One of the things that we've done, as Clare mentioned, in the initiatives that we've undertaken in the last two years is that, in order to minimize the increases in full FTEs, we've been trying, to the best of our ability, to fund positions when people are away on vacation. Our work doesn't stop, obviously, and in fact, during the last year, through our efforts and our community outreach, we're anticipating approximately 2,000 more complaints and inquiries this year. The bulk of those get dealt with through our Ombudsman representative level, and that's what the one FTE position is that we have requested in this budget.

Mr Miller: The three-year contract that you have: What sort of increase is it over three years for your unionized employees?

Ms Bradburn: Over three years, it's approximately 11%. What we do in our comparison for our salaries is compare ourselves to the OPS rates for our positions. That's the group that we look at.

Mr Miller: Thank you for coming today.

Mr Crozier: Very quickly: Mr Lewis, I've been aware of your outstanding reputation for some time. It's a pleasure for me, ever so briefly, and I look forward to the June meeting to meet you, but your comments about the use of the word "ombudsman": I wonder if we might, Chair, ask research to give us a view of the word "ombudsman" -- where it's used, how it's used in different jurisdictions. That may be something we can use in passing advice on to the government as to how they might either limit or not use the word "ombudsman." We might even get the fiscal ombudsman changed.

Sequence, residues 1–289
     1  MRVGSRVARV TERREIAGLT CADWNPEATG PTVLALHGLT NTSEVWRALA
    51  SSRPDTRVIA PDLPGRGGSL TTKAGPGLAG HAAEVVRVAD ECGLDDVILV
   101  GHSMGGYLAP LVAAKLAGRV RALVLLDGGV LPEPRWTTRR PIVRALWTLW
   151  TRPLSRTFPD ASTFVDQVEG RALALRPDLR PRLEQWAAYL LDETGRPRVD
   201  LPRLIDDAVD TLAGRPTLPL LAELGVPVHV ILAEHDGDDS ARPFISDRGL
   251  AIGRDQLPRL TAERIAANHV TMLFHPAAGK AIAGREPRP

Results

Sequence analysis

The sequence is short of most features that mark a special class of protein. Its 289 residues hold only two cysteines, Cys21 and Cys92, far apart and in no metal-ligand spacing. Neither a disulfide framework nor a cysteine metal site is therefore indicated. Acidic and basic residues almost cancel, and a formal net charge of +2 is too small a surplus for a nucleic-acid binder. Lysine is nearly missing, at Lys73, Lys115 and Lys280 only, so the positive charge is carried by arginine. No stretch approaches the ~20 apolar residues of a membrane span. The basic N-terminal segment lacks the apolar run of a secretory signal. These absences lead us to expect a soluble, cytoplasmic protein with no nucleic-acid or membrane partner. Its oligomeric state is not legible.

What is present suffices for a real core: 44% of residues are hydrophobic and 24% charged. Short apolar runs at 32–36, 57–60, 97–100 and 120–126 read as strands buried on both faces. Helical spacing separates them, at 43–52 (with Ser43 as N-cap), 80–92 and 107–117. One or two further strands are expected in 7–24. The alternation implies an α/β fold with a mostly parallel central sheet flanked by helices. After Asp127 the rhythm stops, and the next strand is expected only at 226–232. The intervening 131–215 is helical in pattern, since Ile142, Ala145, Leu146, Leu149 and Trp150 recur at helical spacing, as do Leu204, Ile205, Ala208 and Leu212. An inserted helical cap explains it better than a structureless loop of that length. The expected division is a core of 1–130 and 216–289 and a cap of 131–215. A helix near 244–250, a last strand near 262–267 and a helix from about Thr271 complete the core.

Mr Lewis: I'll give you an example of people who do get called ombudsmen and who are not and should never be called ombudsmen -- the advocates. For instance, we have an Ontario children's advocate, Judy Finlay. She didn't want to be an ombudsman and she doesn't see herself -- she understands the distinction. She understands that her role is there to advocate for the children all the time. It's not an ombudsman's role.

As you'll see if you read the address, I am not an advocate for the complainant; I am not an advocate for the government. I am an impartial investigator, and only if I find error do I then advocate for a correction. That's my role, and it's limited.

When I got to this office, they were having the staff conference. They'd delayed it until I arrived. I heard everybody talking about their clients. "Just a minute; who are these clients?" "Well, you know: the people we serve." "I thought the Ombudsman was supposed to be impartial." "Well, yes."